I’m not certain, but I believe I may have gotten my first internet criticism coming from the Japanese blogosphere. It’s very small, maybe a couple of hits, but I was “kandou” (moved or impressed, depending. But I am being sarcastic.)
The response of the writer of that blog was:
I think this was saying: They don’t read material in Japanese. (日本語の読み書きをしない.) They
can’t [therefore don’t] read the newspaper, either. (新聞も読まない.)
This larger one is a little more complicated, but I’ll give it my best:
Comments and contributions by “hikikomori” (shut-in) English-speaking foreigners here who don’t know anything about the history and systems of Japan. (制度・歴史について知らない英語引きこもり在日外国人たちの日本ついての評論コメント・投稿)
Here is the link to the [blank] blog. (有道ブログとそのリンクである。) I don’t know what “yuudou” 有道 【ゆうどう】 is doing there (the translation is honorable or person of good will or who does the right thing), but I think it might be a bit of sarcasm?
Something about Democracy and either not wanting to obstruct debate. I’m trying to work out whether it means the (other) person is exercising their democratic rights in public, or that they disagree with what I said (because I allegedly don’t know anything about the systems and history of Japan, which you can only really learn in Japanese), and want to express their disagreement. Or third possibility, that Japan is a democracy and honoring it, I should get to say what I want, even though this other writer thinks it’s not based in hard-grounded, kanji-sourced fact.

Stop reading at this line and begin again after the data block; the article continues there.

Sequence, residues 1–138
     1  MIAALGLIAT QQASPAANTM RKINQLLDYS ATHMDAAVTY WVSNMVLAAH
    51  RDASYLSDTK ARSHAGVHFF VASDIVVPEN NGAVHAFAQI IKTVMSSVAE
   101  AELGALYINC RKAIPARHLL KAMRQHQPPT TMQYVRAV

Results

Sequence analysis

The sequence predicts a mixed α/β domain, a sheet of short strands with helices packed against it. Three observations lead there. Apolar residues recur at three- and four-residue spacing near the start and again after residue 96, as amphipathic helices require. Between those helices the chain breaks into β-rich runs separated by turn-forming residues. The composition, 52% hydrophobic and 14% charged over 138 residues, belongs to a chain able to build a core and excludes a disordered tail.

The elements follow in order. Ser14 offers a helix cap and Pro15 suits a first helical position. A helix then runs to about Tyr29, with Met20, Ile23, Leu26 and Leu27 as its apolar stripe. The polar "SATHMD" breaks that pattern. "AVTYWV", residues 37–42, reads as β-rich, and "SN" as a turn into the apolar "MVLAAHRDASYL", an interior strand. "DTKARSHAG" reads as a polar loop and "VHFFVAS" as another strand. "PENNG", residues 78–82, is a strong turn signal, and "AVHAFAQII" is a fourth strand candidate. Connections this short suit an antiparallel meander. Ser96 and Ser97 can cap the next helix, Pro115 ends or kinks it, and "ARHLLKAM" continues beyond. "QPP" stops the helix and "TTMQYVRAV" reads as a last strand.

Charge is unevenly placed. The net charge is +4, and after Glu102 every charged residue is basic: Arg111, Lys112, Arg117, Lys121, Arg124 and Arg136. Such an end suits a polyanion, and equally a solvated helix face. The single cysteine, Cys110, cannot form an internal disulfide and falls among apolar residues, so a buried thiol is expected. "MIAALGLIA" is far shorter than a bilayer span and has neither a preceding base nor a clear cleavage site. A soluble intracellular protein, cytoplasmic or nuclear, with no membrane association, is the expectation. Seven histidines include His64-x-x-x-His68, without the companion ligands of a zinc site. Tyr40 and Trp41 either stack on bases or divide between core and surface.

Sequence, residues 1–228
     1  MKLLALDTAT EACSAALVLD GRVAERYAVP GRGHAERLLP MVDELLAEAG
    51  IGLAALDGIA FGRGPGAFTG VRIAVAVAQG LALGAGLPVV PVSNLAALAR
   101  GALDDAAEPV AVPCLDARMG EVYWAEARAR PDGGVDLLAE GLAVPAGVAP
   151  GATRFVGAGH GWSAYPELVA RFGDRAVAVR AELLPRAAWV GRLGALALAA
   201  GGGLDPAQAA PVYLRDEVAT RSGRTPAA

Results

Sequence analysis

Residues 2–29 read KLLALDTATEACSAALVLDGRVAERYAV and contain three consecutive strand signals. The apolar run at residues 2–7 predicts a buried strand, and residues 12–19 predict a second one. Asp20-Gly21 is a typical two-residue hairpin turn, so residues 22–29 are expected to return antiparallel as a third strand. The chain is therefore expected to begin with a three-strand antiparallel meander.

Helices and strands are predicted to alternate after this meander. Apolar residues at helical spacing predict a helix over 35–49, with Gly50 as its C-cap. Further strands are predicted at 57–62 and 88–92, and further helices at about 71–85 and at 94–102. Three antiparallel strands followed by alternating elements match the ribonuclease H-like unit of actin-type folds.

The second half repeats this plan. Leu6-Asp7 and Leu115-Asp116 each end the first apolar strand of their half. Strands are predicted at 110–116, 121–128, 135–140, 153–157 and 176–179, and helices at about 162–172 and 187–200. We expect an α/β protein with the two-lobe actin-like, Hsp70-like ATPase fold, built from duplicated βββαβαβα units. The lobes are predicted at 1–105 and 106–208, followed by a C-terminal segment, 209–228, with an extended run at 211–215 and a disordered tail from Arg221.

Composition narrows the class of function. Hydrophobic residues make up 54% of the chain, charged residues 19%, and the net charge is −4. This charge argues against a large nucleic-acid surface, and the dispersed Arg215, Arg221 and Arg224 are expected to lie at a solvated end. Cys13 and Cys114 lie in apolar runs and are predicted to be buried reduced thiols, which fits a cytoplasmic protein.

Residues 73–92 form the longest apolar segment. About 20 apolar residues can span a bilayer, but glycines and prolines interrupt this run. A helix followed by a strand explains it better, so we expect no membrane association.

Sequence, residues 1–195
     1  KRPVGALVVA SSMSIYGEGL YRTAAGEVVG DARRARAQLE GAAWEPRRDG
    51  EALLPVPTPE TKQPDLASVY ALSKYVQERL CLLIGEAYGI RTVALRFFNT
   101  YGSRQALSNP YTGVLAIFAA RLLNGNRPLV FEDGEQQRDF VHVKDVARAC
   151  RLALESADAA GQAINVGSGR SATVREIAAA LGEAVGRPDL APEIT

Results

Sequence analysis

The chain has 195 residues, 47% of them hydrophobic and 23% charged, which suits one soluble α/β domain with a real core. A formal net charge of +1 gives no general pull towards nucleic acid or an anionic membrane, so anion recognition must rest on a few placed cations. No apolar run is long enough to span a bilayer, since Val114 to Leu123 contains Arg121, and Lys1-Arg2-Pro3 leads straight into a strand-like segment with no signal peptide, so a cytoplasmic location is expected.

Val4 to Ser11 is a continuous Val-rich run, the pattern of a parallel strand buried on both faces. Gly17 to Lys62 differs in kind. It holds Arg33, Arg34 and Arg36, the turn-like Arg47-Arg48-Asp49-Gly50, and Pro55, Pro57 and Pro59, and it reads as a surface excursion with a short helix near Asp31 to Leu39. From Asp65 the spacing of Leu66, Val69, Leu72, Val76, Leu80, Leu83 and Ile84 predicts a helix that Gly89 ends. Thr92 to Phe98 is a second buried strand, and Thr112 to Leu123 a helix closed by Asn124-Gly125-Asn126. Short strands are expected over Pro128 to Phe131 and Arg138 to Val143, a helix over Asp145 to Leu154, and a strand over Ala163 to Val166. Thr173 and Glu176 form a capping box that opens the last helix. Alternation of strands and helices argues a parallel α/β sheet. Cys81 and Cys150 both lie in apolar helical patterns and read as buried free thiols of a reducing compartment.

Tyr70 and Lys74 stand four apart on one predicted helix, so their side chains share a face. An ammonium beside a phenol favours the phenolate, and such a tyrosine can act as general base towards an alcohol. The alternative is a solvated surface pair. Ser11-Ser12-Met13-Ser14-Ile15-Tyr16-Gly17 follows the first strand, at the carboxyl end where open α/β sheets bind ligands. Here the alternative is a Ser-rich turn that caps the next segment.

Well, that said, it just might be a comment by a person who saw out of it only what they wanted to see.
But I want to put this out, too. Watch this video for as long as you can stand. It’s in Japanese, but the part about “as long as you can stand” goes to the adult men’s behavior when they visit the elderly mother’s house.
You may not understand one word of Japanese, but you can clearly see what is going on. The men are harassing an elderly woman at her home, because her son is the distributor of the movie about dolphin hunting. This is that fellow “Sakurai”, the protestor out of Kyoto[, or at least his group.]
H/T to Debito.org through Debito’s July 1, 2010 post.
Note: “kuuki yomenai” is translated as “can’t read the air”, but it’s similar to “can’t read the writing on the wall”. Basically, someone that doesn’t know what’s going on.